“At a place like McDonald’s, part of the reason they’re so successful is because they’ve got systems in place to ensure they can produce food quickly and safely. It’s a production line basically,” Professor Vally said. “The extra risk is person-to-person transmission. But as it’s a system-based method, it in theory makes it easier for them to adapt to the current situation.”
Victoria’s “McCluster” has brought the fast food industry under scrutiny, with 12 COVID-19 cases linked to Fawkner McDonald’s, including four workers and eight close contacts.
One of those contacts worked at Craigieburn McDonald’s, which shut for cleaning on Friday.
The closure of 12 McDonald’s venues on Sunday was due to a delivery driver visiting while asymptomatic, with 1000 McDonald’s employees asked to stay away from work for 14 days as a precaution.
A Domino’s restaurant also closed on Sunday after an infectious person visited the store.
The Victorian Health Department has consistently stated the risk of spreading coronavirus via food or packaging was extremely low.
Professor Vally said this was due to tight food hygiene measures and because the heat of cooking food would kill viruses. In late March McDonald’s closed all 1400 restaurants in the UK and Ireland, citing the safety of employees and customers.
McDonald’s workers in the United States have recently threatened strikes due to safety concerns.
In Australia, customers have been banned from dining in. A McDonald’s spokeswoman said workers were following “strict” cleaning and hygiene processes including wearing gloves, regularly washing their hands and “increased cleaning” of surfaces and touch-screen machines.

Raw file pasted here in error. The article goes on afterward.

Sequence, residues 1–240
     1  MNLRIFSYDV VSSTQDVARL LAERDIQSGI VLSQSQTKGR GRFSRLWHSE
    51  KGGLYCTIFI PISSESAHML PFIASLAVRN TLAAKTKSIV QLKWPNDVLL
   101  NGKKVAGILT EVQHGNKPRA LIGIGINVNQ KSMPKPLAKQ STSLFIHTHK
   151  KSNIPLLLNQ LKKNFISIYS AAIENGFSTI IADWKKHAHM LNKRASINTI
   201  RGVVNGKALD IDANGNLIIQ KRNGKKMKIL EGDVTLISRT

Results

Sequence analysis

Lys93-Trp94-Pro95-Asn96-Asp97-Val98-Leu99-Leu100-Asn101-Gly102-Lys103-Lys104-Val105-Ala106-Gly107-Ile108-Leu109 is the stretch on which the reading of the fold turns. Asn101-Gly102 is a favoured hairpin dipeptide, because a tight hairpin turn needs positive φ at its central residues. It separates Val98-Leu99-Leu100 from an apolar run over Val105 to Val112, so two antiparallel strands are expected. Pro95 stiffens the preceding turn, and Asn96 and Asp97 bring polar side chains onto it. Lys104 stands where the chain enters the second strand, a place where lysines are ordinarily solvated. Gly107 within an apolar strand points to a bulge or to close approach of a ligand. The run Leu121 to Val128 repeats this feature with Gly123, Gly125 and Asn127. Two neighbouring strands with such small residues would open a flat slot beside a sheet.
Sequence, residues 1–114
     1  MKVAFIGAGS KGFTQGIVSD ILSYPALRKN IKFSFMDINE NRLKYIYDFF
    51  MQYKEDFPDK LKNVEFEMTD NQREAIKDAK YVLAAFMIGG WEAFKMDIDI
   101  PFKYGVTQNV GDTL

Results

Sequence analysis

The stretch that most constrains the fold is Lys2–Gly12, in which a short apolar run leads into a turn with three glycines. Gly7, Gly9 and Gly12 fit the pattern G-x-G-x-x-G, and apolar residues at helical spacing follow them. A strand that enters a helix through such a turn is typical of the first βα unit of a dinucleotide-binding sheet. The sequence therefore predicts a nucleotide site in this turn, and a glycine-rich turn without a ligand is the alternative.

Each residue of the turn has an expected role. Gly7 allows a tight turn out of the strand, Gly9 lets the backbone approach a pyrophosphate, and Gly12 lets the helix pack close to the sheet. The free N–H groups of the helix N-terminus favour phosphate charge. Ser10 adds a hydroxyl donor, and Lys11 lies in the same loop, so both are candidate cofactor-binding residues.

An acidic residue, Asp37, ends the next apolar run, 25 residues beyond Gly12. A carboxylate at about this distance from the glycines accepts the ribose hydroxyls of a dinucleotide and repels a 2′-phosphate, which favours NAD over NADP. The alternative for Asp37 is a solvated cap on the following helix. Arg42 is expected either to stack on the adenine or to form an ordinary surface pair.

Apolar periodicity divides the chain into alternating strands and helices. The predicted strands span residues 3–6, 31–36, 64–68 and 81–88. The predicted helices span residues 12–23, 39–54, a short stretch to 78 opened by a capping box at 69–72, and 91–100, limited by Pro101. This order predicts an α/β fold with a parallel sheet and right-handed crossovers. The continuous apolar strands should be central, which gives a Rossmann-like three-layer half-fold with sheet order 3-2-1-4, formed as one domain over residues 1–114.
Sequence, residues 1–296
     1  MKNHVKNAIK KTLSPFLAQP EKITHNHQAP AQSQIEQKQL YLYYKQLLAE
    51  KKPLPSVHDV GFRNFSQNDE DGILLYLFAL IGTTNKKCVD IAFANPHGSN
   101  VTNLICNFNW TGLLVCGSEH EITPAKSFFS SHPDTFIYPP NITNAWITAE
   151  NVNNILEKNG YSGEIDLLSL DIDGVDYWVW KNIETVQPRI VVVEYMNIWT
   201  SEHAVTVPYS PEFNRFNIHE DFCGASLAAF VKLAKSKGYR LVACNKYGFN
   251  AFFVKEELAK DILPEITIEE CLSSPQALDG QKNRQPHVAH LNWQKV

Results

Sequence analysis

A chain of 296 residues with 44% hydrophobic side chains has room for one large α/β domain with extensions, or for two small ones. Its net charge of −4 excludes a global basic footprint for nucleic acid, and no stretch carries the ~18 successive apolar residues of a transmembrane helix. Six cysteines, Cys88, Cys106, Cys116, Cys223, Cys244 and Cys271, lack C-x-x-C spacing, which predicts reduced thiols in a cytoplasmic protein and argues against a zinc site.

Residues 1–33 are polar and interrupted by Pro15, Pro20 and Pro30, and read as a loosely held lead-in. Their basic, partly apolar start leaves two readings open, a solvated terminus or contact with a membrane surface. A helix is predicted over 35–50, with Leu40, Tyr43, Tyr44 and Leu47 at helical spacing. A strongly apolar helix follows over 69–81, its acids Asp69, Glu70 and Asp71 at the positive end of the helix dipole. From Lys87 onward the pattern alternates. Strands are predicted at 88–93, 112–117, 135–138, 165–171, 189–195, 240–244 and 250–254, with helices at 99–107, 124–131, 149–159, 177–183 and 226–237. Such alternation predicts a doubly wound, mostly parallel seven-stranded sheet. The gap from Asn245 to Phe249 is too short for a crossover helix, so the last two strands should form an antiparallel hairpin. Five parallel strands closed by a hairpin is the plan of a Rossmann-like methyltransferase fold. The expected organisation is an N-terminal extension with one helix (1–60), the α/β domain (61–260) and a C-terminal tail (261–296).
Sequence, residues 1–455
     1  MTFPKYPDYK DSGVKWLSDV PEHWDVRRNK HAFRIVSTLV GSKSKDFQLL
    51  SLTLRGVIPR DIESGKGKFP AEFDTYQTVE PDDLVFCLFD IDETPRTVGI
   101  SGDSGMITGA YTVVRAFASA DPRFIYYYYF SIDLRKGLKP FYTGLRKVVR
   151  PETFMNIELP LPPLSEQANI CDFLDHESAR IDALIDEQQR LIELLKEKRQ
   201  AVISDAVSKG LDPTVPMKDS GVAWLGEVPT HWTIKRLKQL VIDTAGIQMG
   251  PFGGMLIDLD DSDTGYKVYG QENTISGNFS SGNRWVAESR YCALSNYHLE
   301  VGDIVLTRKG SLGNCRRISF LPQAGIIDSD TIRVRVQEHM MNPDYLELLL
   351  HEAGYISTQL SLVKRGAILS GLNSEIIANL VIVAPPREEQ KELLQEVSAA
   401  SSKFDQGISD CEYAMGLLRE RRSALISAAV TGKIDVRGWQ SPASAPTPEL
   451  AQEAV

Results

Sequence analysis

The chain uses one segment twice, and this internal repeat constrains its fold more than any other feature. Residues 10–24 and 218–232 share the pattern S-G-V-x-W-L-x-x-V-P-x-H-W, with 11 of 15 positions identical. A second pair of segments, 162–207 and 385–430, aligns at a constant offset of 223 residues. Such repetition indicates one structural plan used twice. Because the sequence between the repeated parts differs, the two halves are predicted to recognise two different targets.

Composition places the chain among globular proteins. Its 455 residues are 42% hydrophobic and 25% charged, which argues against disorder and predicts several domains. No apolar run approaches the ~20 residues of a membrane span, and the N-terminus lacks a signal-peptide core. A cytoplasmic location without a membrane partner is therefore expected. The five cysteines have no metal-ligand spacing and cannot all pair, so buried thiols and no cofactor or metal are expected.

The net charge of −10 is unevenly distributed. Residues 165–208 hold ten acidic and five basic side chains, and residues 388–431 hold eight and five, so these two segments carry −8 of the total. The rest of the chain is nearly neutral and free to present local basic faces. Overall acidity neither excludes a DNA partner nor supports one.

Fast Food and Retail Workers Union secretary Josh Cullinan said the view of fast food outlets as being structured, safer employers was a “common misconception”. He said the high proportion of teenage workers often voided hygiene processes.
“At McDonald’s 80 per cent of their workforce is under 21. They’re not used to workplace safety precautions,” he said.
“When a manager says, go and work in the drive-through, it doesn’t occur to them to wash their hands between every transaction, or they’re too nervous to mention it.
“[Fast food outlets] are not a wet market or an abattoir, but if we’re concerned about schools or general retail environments, McDonald’s is out there in front.”
Professor Vally said customers should use drive-through where possible and avoid ordering through touch screens.
However, for customers “there’s no real difference between what’s happening at McDonald’s and what will happen at cafes in a couple of weeks [when they open to 20 people in Victoria]”, he said.
“Because we’ve done so well, we don’t need to be shutting down or avoiding places just because there’s some small risk associated with it.”
Victoria’s Deputy Chief Health Officer Annaliese van Diemen on Monday compared fast food workers’ risk of infection to teachers, police and construction staff who work on site.
Professor Catherine Bennett, Deakin University’s chair of epidemiology, said fast food restaurants benefited from the job involving low physical exertion and being able to stagger lunch breaks.
“I think some food places are probably better than [offices] because hygiene is such a key part of their compliance with food safety,” she said.
With Aisha Dow
Michael is a reporter for The Age.